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descendants of slaves

  • Alabama voters head to the polls for the midterm elections next week. One ballot item would abolish slavery in the state. The vote takes place one hundred and fifty seven years after the thirteenth amendment ended the practice nationally. Historians say many of the estimated four hundred thousand enslaved people, who were freed, chose to live out their lives in Alabama. APR spoke to some of their descendants who say they’re still dealing with the impact of the slave trade. The Alabama Public Radio newsroom spent nine months investigating one aspect of that. Namely, the effort to preserve slave cemeteries in the state.
  • The Alabama Public Radio newsroom spent nine months investigating efforts to preserve slave cemeteries in the state. An estimated four hundred thousand captives were held in Alabama before the Civil War. Historians say many of these newly freed people stayed in the state following emancipation in 1863. APR spoke with some of their descendants and heard about problems in locating the burial sites of their ancestors. Today, we present the conclusion of our series titled “No Stone Unturned.” One issue with preserving these cemeteries may be getting people, both black and white, to talk about it.
  • The family of the man responsible for the voyage of the last slave ship to carry captives to Alabama speaks out.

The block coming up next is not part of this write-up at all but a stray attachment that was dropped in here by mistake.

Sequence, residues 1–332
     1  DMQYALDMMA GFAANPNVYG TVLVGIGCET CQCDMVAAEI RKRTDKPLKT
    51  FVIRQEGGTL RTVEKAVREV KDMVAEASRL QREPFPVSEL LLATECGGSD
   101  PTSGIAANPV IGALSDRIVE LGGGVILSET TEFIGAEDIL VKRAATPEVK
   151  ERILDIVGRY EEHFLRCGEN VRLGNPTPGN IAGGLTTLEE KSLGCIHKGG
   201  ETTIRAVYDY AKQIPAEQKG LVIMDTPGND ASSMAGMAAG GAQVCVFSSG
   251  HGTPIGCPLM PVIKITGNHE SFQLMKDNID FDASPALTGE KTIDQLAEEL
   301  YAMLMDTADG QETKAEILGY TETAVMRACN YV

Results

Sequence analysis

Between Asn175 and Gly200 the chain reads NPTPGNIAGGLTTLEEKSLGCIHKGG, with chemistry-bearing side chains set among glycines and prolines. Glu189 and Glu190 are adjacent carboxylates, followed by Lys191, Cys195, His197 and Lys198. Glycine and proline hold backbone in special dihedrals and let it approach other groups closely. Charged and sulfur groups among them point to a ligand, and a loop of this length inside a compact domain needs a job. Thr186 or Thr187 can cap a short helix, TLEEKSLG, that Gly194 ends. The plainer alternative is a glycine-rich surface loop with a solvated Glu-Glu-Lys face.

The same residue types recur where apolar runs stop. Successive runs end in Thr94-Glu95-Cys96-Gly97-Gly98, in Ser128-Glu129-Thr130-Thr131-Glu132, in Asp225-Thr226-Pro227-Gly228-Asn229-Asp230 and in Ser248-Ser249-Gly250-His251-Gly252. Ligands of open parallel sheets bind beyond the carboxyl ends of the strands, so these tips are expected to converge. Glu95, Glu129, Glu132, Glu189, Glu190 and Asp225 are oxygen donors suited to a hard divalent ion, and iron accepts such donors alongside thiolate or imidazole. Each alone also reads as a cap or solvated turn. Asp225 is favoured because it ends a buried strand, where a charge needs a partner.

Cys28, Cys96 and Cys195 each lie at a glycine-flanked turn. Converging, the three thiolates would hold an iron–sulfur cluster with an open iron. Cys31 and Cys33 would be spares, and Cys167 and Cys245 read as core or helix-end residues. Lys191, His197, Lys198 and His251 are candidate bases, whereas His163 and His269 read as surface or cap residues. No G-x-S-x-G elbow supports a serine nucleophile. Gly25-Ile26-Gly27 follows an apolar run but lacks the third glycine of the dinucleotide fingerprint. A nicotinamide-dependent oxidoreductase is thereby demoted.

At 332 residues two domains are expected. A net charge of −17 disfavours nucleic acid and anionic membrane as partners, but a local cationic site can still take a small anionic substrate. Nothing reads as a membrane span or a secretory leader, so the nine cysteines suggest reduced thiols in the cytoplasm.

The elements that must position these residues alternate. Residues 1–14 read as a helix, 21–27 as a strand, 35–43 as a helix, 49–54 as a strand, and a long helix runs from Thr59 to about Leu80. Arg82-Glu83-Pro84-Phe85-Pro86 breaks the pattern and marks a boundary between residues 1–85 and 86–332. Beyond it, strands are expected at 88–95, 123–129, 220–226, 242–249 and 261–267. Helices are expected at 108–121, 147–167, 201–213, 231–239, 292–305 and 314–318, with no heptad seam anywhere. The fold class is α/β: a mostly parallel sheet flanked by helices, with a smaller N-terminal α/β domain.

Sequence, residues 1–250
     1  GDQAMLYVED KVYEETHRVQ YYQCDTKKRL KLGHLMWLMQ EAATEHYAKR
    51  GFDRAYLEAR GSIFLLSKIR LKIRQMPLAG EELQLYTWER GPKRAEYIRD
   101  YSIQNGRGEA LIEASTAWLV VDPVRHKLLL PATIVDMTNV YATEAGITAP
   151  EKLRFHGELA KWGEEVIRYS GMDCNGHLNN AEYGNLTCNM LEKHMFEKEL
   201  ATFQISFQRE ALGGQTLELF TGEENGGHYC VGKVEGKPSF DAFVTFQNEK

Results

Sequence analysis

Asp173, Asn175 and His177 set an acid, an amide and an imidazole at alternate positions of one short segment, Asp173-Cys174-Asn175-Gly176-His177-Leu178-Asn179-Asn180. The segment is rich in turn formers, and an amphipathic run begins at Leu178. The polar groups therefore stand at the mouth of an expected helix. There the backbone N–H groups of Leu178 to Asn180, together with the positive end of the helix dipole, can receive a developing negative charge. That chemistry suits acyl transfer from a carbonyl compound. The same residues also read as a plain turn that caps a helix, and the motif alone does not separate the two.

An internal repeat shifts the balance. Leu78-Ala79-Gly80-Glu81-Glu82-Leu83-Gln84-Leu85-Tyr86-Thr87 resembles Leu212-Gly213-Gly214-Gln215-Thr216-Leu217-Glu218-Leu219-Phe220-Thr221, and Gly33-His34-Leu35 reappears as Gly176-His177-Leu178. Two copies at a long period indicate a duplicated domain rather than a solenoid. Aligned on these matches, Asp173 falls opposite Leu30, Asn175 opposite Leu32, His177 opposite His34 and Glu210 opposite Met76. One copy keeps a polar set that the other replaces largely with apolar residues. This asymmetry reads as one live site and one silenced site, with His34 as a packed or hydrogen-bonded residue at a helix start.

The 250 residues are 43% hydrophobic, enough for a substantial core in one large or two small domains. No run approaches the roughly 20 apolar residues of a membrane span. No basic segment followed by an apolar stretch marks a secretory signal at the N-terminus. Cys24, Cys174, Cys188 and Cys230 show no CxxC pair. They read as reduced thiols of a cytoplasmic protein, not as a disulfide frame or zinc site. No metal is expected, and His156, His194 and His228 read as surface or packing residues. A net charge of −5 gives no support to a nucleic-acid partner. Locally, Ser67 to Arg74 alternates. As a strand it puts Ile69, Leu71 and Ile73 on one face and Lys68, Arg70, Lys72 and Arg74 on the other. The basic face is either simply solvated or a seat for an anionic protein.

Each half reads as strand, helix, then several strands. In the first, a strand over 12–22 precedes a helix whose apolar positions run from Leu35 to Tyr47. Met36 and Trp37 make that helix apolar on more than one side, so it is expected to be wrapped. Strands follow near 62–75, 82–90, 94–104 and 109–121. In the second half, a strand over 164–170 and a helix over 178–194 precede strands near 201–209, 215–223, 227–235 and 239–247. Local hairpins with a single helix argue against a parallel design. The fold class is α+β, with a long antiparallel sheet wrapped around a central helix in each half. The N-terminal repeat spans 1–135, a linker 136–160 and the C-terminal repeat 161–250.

• Alabama voters head to the polls for the November midterm election next month. One issue on the ballot would do away with slavery. It’s still allowed in the state constitution. Alabama Public Radio news spent nine months looking into one lingering aspect of the slave trade. APR’s focus is on finding and preserving slave cemeteries in the state. By the time of the Civil War, an estimated four hundred thousand people were held as slaves in Alabama. Some accounts put the number throughout the South at closer to four million. That would appear to make the issue of slave cemetery preservation a southern issue. But, that doesn't appear to be the case.
  • Before the Civil War, the state of Alabama was home to an estimated thirty three thousand slave holders. Local historians say one of them was John Welch Prewitt. He set aside two acres that became known as the Old Prewitt Slave Cemetery. The site may hold up to two hundred unmarked graves. Former World Heavyweight Boxing Champion Deontay Wilder lives next door.
  • Part 1— "The 40 unmarked graves"Alabama voters head to the polls next month. One ballot item could end slavery in the state. Alabama’s constitution still allows forced labor, one hundred and fifty seven years after the thirteenth amendment abolished the practice. That’s not the only lasting impact of the slave trade in Alabama. APR spoke with the descendants of some of estimated four hundred thousand people enslaved here around the Civil War. Many say they can’t find the burial sites of their ancestors, due to unmarked graves or bad records kept by their white captors. Alabama Public Radio news spent nine months looking into efforts to find and preserve slave cemeteries in the state. Here's part one of our series we call “No Stone Unturned.”
  • Although reparations have been one of the main talking points in the current political climate, they’re a lot of misconceptions regarding the topic. On today’s edition of Crunk Culture, Robin Boylorn defines what reparations are – and what they are not – while calling for a change in government policies that will provide generational impacts for the descendants of slaves...